BlueFire Ethanol bets on household trash

The dark horse in the cellulosic ethanol race is municipal solid waste, with the first plant set to begin construction within weeks.

BlueFire Ethanol expects to start construction of a plant within weeks that will convert landfill waste into the fuel ethanol.

CEO Arnie Klann on Thursday provided a timeline for the company's trash-to-ethanol projects at the Jeffries Global Clean Technologies conference, saying that there are two other larger plants already being pursued.

A component from an existing concentrated acid hydrolysis plant in Japan, which will be the same design used by BlueFire Ethanol. BlueFire Ethanol

He argued that making ethanol from municipal solid waste is more economical than making it from corn, as is done now, or from agricultural and forestry wastes. Its process can make 70 gallons per ton of waste stream going into its machines.

BlueFire Ethanol intends to locate its plants at landfills, which reduces the need to transport the feedstock. The ethanol will also be produced in urban areas where there is the demand for the fuel, which keeps transport costs down, he said.

"We can use waste streams that are not universally used by other proponents of cellulosic ethanol," Klann said.

The U.S. renewable fuel standard mandates that a significant portion of ethanol comes from cellulosic sources, like wood chips or agricultural residue like corn cobs or the leftover bagasse from sugar cane plantings.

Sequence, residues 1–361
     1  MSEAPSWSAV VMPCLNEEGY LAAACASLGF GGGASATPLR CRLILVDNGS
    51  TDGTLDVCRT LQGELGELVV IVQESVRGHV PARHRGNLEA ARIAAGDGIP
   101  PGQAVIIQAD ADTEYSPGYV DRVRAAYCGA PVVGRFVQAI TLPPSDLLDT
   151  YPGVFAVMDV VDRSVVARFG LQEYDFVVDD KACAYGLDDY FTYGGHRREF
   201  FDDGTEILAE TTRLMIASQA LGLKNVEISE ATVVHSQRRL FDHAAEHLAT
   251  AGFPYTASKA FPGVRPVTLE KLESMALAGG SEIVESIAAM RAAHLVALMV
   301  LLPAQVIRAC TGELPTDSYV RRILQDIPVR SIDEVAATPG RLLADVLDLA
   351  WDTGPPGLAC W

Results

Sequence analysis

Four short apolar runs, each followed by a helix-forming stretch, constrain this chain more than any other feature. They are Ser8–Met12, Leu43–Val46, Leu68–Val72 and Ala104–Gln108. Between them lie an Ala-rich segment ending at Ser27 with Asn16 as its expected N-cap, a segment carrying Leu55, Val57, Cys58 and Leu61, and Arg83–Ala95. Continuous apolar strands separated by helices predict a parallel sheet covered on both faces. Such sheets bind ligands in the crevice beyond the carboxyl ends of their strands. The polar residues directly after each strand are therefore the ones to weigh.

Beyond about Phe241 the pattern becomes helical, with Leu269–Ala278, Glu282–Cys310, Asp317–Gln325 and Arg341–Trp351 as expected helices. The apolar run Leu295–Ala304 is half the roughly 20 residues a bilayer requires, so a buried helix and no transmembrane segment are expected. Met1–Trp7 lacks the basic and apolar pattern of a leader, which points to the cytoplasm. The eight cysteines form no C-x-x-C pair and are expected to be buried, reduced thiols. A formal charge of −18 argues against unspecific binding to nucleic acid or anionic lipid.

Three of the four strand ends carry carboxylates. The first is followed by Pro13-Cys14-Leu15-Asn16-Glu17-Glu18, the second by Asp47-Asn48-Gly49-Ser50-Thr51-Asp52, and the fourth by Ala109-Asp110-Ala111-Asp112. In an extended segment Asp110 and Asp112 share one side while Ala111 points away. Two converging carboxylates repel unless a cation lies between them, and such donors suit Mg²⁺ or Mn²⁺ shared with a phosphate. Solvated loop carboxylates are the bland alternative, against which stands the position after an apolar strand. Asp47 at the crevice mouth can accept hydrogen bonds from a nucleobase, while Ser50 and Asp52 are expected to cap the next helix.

The price of the feedstock is one of the biggest factors in ethanol's end price. Producers need to locate their facilities close to their feedstock source to be economical.

Cellulosic ethanol producers typically are either using thermochemical processes, specialty microorganisms, or enyzmes to break down feedstocks into sugars which are then fermented into ethanol.

By contrast, BlueFire Ethanol is using concentrated acid hydrolysis, where trash is sprayed with sulfuric acid, dunked into a bath, and then pressed. The resulting sugars are then fermented into ethanol, while the acid is separated and recouped for later use.

Competitor CleanTech Biofuels is also using acid hydrolysis in its pilot ethanol plant, which it expects to open later this year. Another company interested in trash as a feedstock is Coskata, which has a conversion process that uses high-pressure gasification and bacteria to produce sugars.

Klann said the company expects its first 3-million-gallon-per-year facility to be constructed this year in Lancaster, Calif.

It expects to complete applications for a Department of Energy loan this year to build a second plant, capable of making 17 million gallons per year, in an undisclosed place. The third plant on the drawing board would produce 55 million gallons annually.

After 2009, the company then intends to build more--at a pace between five and seven plants a year--in the Northeast and Southeast U.S., Klann said. He also anticipated international expansion with its modular plant design.

"When you are talking about waste streams, there are maybe 15 or 20 landfills in the U.S. that could sustain a 100- to 150-million-gallon-per-year ethanol plant," he said. "We're looking at those locations to build out, but the vast majority of landfills will handle that 17 million-gallon-per-year size."

 

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